I seem to remember one of Thompson's biographers suggesting that the British-golfer-on-the-balcony scene from "Anti-Gringo Winds" (about which I blogged a couple weeks back) was concocted. It may have been Paul Perry or WIlliam McKeen — my library's 3000 miles away, and I've no easy way to verify this right now (how's that for journalistic integrity?). With its anonymous quotes and pseudonymed characters, there's actually very little from that story that's verifiable. But the phenomenon Thompson is describing — of creeping gringo disillusionment and cynicism — rings very true. Had Jim Fingal been fact-checking for the Observer in 1962 and taken a scalpel to this piece, I think he'd have been doing readers a disservice. Offered two articles — one that opens on a false anecdote of a man driving golf balls into an impoverished neighborhood below, and another cleansed of this fabrication but consequently less revealing about the psychology of gringos abroad — I prefer to be lied to as a matter of technique.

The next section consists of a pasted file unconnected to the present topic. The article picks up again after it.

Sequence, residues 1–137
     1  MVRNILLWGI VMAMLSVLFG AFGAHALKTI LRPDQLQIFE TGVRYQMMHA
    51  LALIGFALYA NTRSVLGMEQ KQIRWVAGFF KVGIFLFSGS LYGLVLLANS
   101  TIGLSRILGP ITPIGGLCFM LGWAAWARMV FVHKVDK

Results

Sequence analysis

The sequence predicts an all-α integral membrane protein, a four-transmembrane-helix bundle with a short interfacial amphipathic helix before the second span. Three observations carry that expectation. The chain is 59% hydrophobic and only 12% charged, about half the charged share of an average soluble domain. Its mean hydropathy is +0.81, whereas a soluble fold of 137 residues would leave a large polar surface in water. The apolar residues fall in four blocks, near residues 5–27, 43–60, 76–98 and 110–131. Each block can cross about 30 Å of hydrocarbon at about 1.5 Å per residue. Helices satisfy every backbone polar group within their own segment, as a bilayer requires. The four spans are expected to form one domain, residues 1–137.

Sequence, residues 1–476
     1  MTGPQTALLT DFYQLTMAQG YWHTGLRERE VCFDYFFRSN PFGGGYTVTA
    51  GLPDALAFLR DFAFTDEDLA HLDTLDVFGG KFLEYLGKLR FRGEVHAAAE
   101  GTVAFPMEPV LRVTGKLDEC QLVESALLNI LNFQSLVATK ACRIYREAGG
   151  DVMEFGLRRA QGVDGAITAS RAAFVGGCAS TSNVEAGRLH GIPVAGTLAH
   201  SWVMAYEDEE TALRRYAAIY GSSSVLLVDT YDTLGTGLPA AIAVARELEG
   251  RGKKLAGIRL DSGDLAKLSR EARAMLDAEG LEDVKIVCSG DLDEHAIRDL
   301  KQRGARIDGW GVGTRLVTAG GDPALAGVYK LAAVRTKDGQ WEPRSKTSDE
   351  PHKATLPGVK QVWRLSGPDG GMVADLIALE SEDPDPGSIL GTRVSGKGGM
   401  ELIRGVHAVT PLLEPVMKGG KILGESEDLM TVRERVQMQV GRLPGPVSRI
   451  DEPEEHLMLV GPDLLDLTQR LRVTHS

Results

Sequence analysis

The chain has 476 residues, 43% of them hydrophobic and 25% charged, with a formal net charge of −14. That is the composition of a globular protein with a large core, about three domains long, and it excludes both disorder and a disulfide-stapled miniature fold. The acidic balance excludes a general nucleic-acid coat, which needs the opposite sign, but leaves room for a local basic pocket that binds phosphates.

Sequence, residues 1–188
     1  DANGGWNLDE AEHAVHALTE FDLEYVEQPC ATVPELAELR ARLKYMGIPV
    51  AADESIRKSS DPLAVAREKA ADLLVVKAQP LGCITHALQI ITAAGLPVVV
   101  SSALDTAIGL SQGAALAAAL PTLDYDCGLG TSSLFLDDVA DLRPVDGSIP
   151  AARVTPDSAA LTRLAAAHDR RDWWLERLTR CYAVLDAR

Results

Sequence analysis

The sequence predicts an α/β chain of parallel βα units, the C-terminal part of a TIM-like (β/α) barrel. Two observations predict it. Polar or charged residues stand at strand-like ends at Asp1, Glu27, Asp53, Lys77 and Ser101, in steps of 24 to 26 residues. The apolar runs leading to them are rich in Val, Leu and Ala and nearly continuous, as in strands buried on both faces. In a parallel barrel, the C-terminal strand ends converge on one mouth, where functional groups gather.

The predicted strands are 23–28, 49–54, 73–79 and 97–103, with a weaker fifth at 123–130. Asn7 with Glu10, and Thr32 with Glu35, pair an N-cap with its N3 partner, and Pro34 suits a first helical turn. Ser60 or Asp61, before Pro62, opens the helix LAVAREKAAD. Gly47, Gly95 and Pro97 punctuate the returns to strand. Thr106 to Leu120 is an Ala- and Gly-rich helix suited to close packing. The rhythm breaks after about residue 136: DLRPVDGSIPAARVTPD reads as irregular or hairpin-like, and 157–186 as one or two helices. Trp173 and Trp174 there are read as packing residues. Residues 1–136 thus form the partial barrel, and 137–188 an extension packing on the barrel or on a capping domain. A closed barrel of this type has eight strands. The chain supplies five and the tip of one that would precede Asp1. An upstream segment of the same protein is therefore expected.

For me as a reader, instances like this tend to accumulate, and the weight of them confounds any set of literary or journalistic criteria by which I might award or withhold the label of "nonfiction" (which is to say, truth). I imagine that if you're John D'Agata, that kind of arbitrary conferral and forbearance is a bit maddening. By what right do we permit David Foster Wallace to invent dialogue on a cruise ship, even while blasting D'Agata for assigning Vegas thirty-four strip joints instead of only thirty-one?

    I'd feel less compelled to answer this question if my silence didn't seem to open up space for people like Rafael Correa to assign truth by fiat. The El Universo case isn't Correa's first libel suit. Earlier this month, a pair of journalists were ordered to pay $2 million in damages after quoting the president's brother, who told them Correa knew about several state contracts he'd received under a sketchy bidding process. The punished journalists didn't themselves make this allegation, mind you — they simply reported the quote.

    "Nobody has the right to tarnish the truth," Correa told reporters after last week's verdict. On Monday, when I arrived at the National Court, there was nobody there protesting.

    To keep up with new stories from the Hunter S. Thompson Trail in South America, follow me on Twitter.